Conversely, there's also "retroactive pessimism, where sports fans (after the loss) essentially say, 'well, now that I think about it, we never really had a chance,'" Wann continues. "[A colleague of mine] and I looked at this a few years ago, and we asked Murray State basketball fans and Western Kentucky baseball fans a day before the game against the two rivals. Of course, everybody said that they thought their team would win. A day after the game, which Murray State had won, we asked the fan bases again, 'who did you think was going to win?' Murray State fans [said], 'I knew we were going to win.' The Western fans, they all said, 'now that I think about it, Murray State was 7 and 1 coming into this game. They were on a really good roll. I don't think we had that much of a chance.' They're going back in time cognitively to make the loss okay."

Not all coping mechanisms are used for game losses. Player injury, players transferring to another team, and the dissolution of a team can all negatively affect sports fans to the point where coping mechanisms are necessary. "When you identify with a team, you don't just identify with the names on the back," Wann explains. "They become a part of your extended family, so to speak. Fans have to figure out a way to make it okay to either root for part of the rival team or convince themselves that they don't like that player anymore. That's a pretty rough cognitive dissonance spot to be in."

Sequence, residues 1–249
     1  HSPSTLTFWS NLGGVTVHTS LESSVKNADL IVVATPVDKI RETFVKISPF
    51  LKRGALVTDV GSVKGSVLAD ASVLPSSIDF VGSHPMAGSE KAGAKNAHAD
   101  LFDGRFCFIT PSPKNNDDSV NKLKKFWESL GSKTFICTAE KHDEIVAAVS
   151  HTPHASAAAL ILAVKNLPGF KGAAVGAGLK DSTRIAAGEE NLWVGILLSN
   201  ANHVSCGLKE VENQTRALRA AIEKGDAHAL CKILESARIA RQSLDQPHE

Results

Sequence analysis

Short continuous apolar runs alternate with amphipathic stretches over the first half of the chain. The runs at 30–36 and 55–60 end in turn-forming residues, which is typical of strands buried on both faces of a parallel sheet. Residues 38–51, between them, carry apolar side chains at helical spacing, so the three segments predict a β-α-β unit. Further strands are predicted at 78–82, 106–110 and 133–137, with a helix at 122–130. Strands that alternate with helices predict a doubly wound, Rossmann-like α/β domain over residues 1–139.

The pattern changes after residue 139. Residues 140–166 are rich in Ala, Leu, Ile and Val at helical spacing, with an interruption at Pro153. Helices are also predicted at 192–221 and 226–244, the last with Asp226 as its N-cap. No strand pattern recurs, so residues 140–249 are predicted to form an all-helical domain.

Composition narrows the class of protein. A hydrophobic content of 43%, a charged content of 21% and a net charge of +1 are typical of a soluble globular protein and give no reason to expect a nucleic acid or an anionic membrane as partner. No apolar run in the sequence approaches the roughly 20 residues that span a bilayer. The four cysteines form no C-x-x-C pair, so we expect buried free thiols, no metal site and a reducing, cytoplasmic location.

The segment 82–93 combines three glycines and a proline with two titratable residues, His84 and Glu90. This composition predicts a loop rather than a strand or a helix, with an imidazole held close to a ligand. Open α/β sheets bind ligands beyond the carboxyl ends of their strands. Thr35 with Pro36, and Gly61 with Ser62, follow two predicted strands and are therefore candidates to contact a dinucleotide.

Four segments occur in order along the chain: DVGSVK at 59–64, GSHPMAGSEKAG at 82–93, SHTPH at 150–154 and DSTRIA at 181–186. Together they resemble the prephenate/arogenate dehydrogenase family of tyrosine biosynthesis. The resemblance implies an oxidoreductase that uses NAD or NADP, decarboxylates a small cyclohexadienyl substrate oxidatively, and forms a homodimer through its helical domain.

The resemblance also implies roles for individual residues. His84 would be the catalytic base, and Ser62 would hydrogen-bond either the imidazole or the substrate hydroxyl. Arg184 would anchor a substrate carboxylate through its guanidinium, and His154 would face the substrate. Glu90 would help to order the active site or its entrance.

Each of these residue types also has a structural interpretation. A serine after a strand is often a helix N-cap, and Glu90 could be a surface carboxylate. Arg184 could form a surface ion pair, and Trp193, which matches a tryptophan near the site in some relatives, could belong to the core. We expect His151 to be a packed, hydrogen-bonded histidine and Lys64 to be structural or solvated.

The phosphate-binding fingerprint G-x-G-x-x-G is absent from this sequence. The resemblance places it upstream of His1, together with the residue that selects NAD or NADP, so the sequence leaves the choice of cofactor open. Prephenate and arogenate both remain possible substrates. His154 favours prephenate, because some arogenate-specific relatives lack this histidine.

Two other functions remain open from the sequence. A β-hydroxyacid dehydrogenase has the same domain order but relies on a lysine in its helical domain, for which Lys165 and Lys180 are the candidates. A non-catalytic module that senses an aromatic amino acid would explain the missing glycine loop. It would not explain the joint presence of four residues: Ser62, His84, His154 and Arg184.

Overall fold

"I think aside from dealing with a loss, the biggest thing fans have to cope with would be when the team up and leaves," Wann continues. "When the team leaves or for whatever reason is shut down...how are you going to handle that threat to your identity? It's not just, 'well, we lost...I'll figure out a way to feel better about tomorrow's game. Our season is over, we were terrible this year, but that's okay. We have the first pick in the draft, so we'll do better next year.' When the team is completely gone, that's when it's very, very difficult for fans to cope. They often do so by finding another almost surrogate team to latch onto. 'My team is gone, my choices are [one], stop being a sports fan or [two], finding somebody else to root for.' They'll find somebody else to root for."

"I think the one final point that warrants a mention is that this stuff works. The research is very clear that not only do fans cope to make themselves feel better, when they cope, it does make themselves feel better. They've looked at individuals after sporting events, fans that have watched their team fail at an event. [The researchers] assess how much [the sport fans] used various types of coping strategies and then looked to see if their self-esteem and their outlook on life rebounded. The more they used a coping strategy, sure enough, the better they felt about themselves afterwards. It's not just that we're grasping at straws here. These straws actually work. When you use these coping strategies, they do make yourself feel better. That allows you to say, okay, tomorrow's another day or next year's another season," Wann concludes.